Hydroxyurea generates nitric oxide in human erythroid cells: Mechanisms for c-globin gene activation

Tzu Fang Lou, Manisha Singh, Ashley Mackie, Wei Li, Betty S. Pace

Research output: Contribution to journalArticlepeer-review

48 Scopus citations


Hydroxyurea (HU) induces fetal hemoglobin synthesis through activation of cyclic guanine monophosphate (cGMP) signaling. Studies in sickle cell patients demonstrated increased circulating nitric oxide (NO) levels after oral HU treatment. However, the direct measurement of NO in erythroid cells and its role in fetal hemoglobin induction have not been defined. Therefore, we quantified the level of nitrate and nitrite (NOx) generated by HU in human erythroid progenitors in the presence of three nitric oxide synthase inhibitors (NOS), including NG-monomethyl-L-arginine (L-NMMA). In addition, cGMP levels were measured in the presence or absence of the pathway inhibitor 1H-(1,2,4)oxadiazolo(4,3-a)quinoxalin-1-one, which blocks soluble guanylyl cyclase formation. HU treatment increased NOx levels and γ-globin transcription in K562 and primary erythroid cells, which was augmented when HU was combined with L-NMMA. Pretreatment with the cGMP pathway inhibitor reversed γ-gene activation by HU. These data demonstrate the direct stimulation of cellular NO and cGMP signaling in erythroid progenitors by HU as a possible mechanism for γ-globin gene activation.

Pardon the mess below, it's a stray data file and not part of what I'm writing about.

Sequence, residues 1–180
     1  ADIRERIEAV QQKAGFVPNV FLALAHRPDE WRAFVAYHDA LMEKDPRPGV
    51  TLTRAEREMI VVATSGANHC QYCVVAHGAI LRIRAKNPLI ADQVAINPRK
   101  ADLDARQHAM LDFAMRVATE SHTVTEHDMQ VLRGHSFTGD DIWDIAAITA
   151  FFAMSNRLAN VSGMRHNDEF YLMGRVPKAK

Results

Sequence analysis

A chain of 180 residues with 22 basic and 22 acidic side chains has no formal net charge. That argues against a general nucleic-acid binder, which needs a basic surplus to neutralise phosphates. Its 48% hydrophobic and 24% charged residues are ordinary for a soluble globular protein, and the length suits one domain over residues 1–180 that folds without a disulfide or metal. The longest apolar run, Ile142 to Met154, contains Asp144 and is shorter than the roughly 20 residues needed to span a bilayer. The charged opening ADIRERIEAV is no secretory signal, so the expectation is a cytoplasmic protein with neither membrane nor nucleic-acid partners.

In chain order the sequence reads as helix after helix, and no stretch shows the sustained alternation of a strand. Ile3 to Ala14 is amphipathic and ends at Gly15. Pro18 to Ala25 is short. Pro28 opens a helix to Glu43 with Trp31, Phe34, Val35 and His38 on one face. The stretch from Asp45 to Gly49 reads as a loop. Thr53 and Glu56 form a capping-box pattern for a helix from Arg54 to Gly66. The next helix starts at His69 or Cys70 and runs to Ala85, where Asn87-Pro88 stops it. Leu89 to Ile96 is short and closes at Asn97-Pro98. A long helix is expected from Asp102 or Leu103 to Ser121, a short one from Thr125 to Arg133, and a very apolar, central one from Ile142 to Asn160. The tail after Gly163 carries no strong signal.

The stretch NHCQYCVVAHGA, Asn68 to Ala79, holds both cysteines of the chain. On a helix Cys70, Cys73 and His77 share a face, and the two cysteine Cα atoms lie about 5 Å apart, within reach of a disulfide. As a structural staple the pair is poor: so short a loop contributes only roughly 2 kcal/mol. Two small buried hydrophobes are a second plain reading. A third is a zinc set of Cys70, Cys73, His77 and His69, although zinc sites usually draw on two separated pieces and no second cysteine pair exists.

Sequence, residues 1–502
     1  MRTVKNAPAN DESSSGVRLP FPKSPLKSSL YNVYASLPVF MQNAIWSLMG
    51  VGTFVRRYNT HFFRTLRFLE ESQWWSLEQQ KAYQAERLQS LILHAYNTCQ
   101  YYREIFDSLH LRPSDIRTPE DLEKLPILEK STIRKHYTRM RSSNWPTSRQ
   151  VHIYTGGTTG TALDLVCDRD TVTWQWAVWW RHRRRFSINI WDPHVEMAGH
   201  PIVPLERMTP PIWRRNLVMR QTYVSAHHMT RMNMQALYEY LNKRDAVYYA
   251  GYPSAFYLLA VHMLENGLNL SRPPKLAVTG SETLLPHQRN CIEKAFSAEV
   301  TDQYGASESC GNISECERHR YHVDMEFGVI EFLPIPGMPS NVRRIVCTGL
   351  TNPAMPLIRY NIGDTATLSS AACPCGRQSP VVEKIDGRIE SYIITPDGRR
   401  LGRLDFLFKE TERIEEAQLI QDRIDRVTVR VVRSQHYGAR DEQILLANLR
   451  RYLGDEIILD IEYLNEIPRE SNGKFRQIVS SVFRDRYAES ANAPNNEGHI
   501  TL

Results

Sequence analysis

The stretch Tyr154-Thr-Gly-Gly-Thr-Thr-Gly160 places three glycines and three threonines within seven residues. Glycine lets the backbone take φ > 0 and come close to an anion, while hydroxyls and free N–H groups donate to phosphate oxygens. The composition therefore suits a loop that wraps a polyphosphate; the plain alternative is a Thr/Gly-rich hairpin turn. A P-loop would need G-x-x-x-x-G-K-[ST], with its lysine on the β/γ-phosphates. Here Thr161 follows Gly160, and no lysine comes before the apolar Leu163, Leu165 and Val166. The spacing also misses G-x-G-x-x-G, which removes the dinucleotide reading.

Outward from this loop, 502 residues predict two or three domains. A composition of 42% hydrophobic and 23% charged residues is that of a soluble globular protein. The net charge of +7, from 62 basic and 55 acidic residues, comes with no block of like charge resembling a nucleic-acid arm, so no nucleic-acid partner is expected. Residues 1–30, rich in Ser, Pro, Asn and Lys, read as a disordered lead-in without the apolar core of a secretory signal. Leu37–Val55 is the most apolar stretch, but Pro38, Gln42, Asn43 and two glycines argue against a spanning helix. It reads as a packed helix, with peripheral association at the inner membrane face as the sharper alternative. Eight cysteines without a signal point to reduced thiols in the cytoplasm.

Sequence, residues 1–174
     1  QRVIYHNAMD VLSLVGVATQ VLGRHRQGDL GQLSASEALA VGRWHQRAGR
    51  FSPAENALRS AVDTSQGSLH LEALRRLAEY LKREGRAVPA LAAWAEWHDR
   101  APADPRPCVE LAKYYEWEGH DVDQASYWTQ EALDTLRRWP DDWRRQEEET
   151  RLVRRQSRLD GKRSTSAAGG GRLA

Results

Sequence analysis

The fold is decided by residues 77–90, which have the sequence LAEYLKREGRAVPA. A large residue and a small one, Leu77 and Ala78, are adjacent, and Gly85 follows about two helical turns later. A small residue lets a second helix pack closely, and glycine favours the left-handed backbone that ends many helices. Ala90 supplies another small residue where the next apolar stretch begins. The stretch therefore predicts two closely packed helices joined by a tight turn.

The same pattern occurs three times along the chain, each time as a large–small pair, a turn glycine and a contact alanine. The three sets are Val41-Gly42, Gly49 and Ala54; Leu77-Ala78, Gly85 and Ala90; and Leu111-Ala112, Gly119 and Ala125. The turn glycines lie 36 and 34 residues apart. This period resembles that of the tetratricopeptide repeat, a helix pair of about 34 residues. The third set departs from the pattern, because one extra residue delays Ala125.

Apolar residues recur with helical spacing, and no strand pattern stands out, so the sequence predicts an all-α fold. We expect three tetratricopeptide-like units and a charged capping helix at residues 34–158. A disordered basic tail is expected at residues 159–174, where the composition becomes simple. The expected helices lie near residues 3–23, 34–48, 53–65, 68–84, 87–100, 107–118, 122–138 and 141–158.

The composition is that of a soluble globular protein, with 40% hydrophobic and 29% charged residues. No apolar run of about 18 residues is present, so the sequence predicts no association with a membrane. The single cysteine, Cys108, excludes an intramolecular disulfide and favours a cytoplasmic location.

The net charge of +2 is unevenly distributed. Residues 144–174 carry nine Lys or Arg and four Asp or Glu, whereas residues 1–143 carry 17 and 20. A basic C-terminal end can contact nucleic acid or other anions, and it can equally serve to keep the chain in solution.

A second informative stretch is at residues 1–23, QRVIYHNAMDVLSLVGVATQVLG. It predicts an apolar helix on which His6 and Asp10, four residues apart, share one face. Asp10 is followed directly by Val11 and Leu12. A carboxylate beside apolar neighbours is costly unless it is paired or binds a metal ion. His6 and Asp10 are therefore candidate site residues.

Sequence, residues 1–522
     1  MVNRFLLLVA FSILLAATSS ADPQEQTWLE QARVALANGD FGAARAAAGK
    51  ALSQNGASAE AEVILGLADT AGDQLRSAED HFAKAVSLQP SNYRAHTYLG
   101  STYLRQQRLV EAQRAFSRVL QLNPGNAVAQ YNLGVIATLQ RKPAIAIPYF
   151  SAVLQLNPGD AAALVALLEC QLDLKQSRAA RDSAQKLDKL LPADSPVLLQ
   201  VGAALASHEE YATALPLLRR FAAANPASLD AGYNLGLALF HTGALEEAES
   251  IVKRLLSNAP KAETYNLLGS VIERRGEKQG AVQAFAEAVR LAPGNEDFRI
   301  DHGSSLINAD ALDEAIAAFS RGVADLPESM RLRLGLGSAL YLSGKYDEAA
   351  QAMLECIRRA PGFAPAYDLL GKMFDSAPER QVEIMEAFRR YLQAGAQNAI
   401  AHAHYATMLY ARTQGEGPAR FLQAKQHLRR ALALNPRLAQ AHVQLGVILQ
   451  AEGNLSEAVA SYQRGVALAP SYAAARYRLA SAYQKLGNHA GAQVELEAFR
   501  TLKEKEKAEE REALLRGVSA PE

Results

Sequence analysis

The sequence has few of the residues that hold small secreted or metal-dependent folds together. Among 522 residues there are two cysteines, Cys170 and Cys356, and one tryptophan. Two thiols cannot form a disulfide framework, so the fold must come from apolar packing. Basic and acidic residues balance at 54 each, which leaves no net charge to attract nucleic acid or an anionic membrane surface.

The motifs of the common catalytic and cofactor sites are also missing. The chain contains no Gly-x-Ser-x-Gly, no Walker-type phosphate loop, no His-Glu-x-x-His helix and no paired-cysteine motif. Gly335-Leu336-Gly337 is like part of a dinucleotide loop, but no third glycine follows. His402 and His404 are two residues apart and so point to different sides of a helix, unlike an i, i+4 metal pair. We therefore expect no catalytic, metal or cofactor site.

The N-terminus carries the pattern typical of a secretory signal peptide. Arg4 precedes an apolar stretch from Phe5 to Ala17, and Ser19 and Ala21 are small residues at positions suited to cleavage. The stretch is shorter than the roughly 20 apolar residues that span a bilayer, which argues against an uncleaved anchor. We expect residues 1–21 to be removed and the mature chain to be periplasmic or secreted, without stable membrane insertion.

Original languageEnglish (US)
Pages (from-to)1374-1382
Number of pages9
JournalExperimental Biology and Medicine
Issue number11
StatePublished - Nov 2009


  • Fetal hemoglobin
  • Hydroxyurea
  • Nitric oxide
  • Sickle-cell disease
  • cGMP

ASJC Scopus subject areas

  • General Biochemistry, Genetics and Molecular Biology


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